I am thankful fairly often. It isn’t very difficult; I think of thankfulness as an undirected feeling of relief and obligation, and reasons to put oneself in that headspace are plentiful. I’m thankful for a good day, a finished task, a delicious meal, avoiding a car accident, getting a good night’s sleep. Having a continual background anxiety that some other shoe is about to drop — that makes thankfulness noticeable by contrast.

So I never particularly liked that Thanksgiving exercise of “let’s go around the table and everybody say one thing they’re thankful for” — what, like it’s hard? I’m thankful for breathing, for getting over a sprained back when some people have a lifetime’s worth of the same chronic pain, for today not being a day when something terrible happens to me… I mean, it’s great and all, but there’s not much of a so-what factor there. And every thing I just listed is something someone else isn’t getting. I think the exercise would work better on a community level, like what David Mamet is said to have said Jewish holidays are all about: “They tried to kill us, they failed, let’s eat.”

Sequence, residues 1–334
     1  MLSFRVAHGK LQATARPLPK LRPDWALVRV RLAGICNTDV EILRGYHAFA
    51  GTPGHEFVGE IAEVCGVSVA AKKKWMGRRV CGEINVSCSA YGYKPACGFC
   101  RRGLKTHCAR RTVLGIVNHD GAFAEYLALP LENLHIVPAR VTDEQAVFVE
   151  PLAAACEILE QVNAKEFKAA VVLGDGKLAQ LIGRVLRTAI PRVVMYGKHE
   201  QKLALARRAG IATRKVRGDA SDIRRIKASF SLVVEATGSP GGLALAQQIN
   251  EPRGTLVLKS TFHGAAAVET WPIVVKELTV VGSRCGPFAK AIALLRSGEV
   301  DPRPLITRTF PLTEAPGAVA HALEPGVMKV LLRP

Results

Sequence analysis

Gratitude is something totally different. Gratitude is directed. It sometimes isn’t explainable because so often it’s for something you can’t do for yourself. You can’t put your own hair up when you’re sick over the toilet, like my mother did for me on one occasion. You can’t make someone apologize to you for some hurt they did. Sometimes, you can’t even explain to a person what it is they did that eased you, or revived you, or humbled you. Sometimes, when I’m grateful, I feel thankful that I’m grateful, like it’s a sign that my soul is in good working order.